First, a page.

“I think they very much feel as though they are secure for the near future, because of the support they have received from Russia and Iran.”
Unlike the man she would go on to marry, Asma al-Assad did not grow up in the palace of a brutal dictator but in a pebble-dashed terraced house in Acton, the daughter of a Syrian-British cardiologist. She attended a Church of England school, where friends knew her as Emma, an ordinary student who was funny and friendly, though with an occasionally short fuse.
She studied French and computing at King’s College, London, then briefly became an investment banker in New York. Having met Bashar while he was training as an ophthalmologist in London, they reconnected in 2000 and married in secret later that year, months after he became president following the death of his father. She was 25.
There were great hopes, in the early years at least, that after years of brutal dictatorship, the young, western-educated doctor and his attractive British-born wife would preside over a period of greater openness and freedom.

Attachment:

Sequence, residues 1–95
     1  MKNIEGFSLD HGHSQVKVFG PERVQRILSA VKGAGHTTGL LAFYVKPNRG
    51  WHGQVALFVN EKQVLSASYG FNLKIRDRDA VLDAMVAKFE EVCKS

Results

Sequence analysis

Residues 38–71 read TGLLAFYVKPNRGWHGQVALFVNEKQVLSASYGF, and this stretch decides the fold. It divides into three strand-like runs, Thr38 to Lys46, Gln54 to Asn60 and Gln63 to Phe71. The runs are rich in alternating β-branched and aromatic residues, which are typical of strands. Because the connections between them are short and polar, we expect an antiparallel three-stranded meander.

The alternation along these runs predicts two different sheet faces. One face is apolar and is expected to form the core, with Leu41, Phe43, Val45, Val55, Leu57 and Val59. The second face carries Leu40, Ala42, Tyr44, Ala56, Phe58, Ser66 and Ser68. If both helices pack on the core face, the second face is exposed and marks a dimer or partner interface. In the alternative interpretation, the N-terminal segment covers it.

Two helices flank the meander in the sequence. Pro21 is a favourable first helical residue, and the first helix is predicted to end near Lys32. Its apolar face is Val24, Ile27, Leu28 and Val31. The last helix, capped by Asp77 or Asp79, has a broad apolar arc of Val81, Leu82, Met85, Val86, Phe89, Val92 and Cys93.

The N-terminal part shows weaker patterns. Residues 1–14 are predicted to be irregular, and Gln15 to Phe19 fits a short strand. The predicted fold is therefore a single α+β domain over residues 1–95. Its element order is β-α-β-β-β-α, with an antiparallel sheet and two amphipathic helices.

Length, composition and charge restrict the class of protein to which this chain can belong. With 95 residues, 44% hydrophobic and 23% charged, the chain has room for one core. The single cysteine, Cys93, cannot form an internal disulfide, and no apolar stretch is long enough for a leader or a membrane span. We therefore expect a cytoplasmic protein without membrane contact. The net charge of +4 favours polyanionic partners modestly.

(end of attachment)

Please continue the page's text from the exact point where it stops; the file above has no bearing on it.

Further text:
“People talked about the ‘Damascus Spring’ when Bashar succeeded his father,” says Chris Doyle, director of the Council for Arab-British Understanding (CAABU). “There were changes, a sense of it being more open.” The new president was more approachable, he says, and some of the old guard were pushed aside. Expensive PR exercises burnished the image of the couple domestically and internationally.
But even in late 2010, when a writer for US Vogue interviewed Asma for what would become a notorious profile that called her “the very freshest and most magnetic of first ladies”, there were plenty of cracks appearing in the fairytale image.
By the time the piece was published the following year, Syria’s uprising had begun, after a group of schoolboys aged between 10 and 15 from the village of Daraa were arrested and tortured for writing “The people want to topple the regime” on the walls of their school. Locals turned out in their hundreds to protest at their treatment, and the resistance rapidly spread (editor Anna Wintour later disowned the first lady and the piece has been deleted from the magazine’s website).